In April 2020, the Societal Engagement team launched a Rapid Response Seed Fund to support engagement initiatives during the pandemic.
Seven projects from across the College have been awarded a total of £16,660 and the fund remains open for applications.
"We all had to totally rethink the way we carried out public engagement." Amy Seakins Public Engagement Manager, Imperial
The funding scheme is coordinated by the Public Engagement team. Amy Seakins from the team explains, “At the start of the pandemic we all had to totally rethink the way we carried out public engagement. We set up the Rapid Response Seed Fund to support new ideas and enable different approaches come to life.”
The fund was designed to have a fast turnaround with applicants receiving a response within just a week. “This meant that staff and students could act quickly and flexibly, enabling conversations and collaboration with our communities to continue and develop during such a difficult time for us all. Such a lot of great societal engagement takes place already across Imperial, with huge value for the public and our research – it was important to us that this didn’t come to a halt during the pandemic.”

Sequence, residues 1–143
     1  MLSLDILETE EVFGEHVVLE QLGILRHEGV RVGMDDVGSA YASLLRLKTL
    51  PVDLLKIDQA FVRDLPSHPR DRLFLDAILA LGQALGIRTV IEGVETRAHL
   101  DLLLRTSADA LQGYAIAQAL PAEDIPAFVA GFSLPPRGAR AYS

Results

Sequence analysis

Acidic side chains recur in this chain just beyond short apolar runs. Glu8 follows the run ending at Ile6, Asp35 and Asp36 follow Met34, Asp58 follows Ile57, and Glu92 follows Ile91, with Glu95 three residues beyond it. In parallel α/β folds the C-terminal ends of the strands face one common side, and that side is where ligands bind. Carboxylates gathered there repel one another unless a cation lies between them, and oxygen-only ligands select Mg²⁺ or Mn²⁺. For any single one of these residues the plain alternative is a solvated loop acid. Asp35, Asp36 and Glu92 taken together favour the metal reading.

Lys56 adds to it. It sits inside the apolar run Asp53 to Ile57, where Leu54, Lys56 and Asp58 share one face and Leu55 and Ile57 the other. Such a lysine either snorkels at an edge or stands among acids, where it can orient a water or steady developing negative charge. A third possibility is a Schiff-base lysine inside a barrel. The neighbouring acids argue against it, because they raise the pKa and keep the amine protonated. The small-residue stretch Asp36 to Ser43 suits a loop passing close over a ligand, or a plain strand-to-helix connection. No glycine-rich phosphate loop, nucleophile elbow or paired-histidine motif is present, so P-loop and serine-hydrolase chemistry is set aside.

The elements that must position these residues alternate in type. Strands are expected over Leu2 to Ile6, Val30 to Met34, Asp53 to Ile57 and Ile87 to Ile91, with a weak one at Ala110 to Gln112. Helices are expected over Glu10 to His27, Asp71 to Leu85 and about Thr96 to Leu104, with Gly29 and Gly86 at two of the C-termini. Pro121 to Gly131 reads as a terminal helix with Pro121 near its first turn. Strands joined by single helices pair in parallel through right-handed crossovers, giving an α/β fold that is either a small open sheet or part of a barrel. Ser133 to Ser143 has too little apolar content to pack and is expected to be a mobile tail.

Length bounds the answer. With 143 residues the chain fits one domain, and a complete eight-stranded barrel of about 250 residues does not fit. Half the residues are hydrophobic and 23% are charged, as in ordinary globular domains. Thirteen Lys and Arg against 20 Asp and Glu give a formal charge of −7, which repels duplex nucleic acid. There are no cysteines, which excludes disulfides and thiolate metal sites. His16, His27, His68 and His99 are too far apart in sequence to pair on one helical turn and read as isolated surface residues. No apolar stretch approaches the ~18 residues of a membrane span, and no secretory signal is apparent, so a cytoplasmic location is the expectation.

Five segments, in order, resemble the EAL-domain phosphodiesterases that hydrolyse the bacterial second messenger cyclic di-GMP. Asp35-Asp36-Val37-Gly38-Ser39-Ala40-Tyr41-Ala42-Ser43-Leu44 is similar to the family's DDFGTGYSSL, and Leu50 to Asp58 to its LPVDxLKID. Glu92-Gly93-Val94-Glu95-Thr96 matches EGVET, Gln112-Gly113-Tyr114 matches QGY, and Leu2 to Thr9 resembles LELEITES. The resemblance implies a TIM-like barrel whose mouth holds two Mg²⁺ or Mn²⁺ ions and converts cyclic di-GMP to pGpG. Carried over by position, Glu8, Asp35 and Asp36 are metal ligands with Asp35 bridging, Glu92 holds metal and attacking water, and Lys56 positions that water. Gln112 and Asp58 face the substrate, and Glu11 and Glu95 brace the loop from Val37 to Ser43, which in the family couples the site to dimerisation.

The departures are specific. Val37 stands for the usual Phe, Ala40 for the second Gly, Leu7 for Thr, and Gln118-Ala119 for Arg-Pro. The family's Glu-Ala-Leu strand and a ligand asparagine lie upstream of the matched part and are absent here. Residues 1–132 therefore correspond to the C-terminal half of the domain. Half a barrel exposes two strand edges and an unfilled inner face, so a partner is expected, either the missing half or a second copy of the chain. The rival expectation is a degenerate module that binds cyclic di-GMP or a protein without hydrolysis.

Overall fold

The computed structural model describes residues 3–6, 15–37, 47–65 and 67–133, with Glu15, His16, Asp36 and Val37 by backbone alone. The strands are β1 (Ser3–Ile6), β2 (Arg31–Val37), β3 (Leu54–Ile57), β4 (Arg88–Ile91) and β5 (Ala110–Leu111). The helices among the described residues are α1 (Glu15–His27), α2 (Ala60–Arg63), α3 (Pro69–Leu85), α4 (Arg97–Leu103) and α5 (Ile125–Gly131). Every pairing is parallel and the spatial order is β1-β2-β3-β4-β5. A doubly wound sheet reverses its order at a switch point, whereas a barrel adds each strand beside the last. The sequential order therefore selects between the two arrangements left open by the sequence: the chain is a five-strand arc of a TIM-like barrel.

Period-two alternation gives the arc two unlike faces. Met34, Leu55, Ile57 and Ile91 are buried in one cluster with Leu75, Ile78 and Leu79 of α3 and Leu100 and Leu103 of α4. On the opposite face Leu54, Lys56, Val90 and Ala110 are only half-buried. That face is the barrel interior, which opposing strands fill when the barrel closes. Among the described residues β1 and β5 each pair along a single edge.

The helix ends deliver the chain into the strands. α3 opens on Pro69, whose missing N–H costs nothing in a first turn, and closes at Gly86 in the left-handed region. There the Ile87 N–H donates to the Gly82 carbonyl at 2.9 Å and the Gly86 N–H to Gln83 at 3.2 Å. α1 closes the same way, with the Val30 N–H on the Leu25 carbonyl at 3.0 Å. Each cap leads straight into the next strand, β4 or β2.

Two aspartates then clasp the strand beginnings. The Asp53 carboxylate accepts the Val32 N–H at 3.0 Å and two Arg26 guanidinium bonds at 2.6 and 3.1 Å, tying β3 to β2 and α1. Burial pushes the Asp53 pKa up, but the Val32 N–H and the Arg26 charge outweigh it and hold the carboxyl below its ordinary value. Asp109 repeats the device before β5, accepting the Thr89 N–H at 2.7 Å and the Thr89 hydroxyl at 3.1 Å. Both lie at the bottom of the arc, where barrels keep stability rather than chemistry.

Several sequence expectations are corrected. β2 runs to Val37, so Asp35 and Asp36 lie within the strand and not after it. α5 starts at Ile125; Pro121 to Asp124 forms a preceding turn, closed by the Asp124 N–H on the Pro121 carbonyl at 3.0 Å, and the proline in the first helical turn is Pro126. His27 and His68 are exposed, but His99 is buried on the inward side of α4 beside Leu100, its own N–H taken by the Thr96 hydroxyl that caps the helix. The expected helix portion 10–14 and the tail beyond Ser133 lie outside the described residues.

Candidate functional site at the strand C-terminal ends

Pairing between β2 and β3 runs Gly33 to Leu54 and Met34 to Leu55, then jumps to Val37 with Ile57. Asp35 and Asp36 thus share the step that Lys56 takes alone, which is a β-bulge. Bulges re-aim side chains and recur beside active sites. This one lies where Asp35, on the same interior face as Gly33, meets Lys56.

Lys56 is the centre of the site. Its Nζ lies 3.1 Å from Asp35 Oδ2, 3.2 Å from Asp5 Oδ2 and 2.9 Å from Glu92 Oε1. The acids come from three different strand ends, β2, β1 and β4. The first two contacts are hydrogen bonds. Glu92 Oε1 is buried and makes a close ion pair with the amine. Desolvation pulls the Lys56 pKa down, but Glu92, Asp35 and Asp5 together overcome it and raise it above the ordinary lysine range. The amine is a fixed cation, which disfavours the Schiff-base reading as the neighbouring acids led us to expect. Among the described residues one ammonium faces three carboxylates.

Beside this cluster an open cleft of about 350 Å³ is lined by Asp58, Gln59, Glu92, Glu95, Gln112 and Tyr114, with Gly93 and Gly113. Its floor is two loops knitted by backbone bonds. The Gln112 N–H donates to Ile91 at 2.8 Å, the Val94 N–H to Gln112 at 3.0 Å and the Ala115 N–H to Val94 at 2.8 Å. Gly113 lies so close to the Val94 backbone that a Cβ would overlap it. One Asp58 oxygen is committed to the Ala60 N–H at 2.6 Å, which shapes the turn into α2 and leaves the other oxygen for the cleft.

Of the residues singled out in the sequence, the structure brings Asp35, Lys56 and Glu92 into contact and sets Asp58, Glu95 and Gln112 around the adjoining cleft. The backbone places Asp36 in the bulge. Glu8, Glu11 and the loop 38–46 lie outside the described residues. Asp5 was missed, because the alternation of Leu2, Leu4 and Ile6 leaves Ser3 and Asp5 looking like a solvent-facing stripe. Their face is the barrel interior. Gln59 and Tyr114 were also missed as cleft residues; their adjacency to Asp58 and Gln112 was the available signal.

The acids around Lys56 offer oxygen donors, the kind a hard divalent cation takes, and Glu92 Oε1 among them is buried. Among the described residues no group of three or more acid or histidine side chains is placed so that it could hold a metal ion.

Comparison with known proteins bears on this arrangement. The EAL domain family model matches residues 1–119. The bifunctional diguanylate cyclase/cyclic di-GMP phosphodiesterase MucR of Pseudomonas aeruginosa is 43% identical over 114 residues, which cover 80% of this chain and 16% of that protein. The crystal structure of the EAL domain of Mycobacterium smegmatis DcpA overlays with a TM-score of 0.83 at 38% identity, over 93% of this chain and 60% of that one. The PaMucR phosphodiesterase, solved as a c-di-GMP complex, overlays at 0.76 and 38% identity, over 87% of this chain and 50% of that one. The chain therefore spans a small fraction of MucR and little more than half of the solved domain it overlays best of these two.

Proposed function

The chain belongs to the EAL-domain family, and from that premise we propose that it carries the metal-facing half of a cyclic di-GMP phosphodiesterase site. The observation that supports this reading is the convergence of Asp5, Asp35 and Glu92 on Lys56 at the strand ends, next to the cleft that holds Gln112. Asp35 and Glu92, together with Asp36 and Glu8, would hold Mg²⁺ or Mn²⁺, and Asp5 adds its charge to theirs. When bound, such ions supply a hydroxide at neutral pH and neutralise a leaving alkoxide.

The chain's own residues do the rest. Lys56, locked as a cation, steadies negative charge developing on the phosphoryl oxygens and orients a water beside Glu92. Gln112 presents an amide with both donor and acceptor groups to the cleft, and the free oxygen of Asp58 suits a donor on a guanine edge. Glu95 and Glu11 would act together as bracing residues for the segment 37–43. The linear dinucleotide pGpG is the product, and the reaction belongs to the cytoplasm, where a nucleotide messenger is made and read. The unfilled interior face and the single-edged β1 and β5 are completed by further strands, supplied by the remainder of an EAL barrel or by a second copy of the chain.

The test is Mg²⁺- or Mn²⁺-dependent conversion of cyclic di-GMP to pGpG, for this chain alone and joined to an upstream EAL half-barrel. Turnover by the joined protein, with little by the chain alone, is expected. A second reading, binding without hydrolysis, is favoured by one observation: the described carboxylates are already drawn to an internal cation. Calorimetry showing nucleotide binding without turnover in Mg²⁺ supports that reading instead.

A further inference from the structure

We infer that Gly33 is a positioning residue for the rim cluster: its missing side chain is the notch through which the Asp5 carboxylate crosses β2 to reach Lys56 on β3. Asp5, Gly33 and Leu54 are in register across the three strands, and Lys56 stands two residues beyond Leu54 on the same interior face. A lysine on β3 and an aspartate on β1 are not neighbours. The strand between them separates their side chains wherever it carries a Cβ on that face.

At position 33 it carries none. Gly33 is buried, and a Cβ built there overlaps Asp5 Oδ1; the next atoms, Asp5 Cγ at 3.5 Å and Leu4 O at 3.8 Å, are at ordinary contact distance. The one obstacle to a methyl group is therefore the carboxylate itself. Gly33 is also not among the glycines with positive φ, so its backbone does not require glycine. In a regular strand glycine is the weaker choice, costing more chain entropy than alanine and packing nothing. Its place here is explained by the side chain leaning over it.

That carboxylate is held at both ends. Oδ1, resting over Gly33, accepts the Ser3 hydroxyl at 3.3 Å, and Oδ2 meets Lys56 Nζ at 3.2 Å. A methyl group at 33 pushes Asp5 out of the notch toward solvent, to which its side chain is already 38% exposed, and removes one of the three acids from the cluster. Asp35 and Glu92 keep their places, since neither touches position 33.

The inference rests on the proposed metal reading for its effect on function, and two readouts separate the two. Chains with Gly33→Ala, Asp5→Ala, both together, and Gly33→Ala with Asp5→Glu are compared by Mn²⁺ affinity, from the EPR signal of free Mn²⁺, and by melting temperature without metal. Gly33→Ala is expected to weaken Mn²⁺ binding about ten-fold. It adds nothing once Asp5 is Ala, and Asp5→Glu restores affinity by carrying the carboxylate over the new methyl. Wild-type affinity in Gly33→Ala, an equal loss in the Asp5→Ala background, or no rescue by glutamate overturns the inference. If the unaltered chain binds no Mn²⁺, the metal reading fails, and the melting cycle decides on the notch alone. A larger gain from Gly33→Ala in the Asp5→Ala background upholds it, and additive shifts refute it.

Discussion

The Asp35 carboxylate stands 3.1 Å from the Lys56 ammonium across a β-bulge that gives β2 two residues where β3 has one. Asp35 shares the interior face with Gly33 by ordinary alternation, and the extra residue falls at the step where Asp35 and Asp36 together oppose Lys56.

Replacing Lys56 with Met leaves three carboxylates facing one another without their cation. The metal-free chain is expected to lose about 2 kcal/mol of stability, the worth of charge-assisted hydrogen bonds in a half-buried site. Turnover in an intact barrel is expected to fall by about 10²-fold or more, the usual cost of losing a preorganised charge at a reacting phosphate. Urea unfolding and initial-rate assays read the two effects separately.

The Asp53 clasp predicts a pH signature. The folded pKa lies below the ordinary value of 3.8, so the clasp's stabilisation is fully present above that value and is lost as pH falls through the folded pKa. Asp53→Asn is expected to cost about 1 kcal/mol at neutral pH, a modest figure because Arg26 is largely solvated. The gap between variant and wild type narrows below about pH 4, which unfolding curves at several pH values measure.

The funding stream is still open. “We have really enjoyed reading the applications so far – people have come up with so many innovative and creative engagement activities through online and socially-distanced means! I can’t wait to hear how the funded projects progress and see what other brilliant ideas people propose in 2021."
Hear about a selection of the great projects already underway below and how they have been working with public groups during the pandemic.
A team from the Physics Department, including artist Geraldine Cox and researchers Alex Clark and Mike Tarbutt, were awarded £2500 for their engagement project to introduce 8-10 year-olds to “the beauty of atoms and their intricate interactions with light” through a series of discussions, art workshops, experiments, and even poetry and dancing.
Since being awarded, the team have worked with children from diverse schools and youth groups in London in a series of inspiring sessions. In total they delivered a mini-programme of activities to 171 children and their teachers or carers.